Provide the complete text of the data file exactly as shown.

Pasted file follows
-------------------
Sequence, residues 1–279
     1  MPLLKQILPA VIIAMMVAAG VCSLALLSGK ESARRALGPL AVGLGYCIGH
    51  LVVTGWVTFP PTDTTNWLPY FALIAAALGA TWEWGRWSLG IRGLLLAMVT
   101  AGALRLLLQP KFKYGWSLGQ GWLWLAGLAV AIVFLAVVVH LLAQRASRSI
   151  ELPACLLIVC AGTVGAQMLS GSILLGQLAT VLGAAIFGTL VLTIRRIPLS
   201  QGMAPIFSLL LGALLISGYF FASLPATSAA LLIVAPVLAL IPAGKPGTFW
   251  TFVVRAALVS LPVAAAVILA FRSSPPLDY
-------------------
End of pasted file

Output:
Sequence, residues 1–279
     1  MPLLKQILPA VIIAMMVAAG VCSLALLSGK ESARRALGPL AVGLGYCIGH
    51  LVVTGWVTFP PTDTTNWLPY FALIAAALGA TWEWGRWSLG IRGLLLAMVT
   101  AGALRLLLQP KFKYGWSLGQ GWLWLAGLAV AIVFLAVVVH LLAQRASRSI
   151  ELPACLLIVC AGTVGAQMLS GSILLGQLAT VLGAAIFGTL VLTIRRIPLS
   201  QGMAPIFSLL LGALLISGYF FASLPATSAA LLIVAPVLAL IPAGKPGTFW
   251  TFVVRAALVS LPVAAAVILA FRSSPPLDY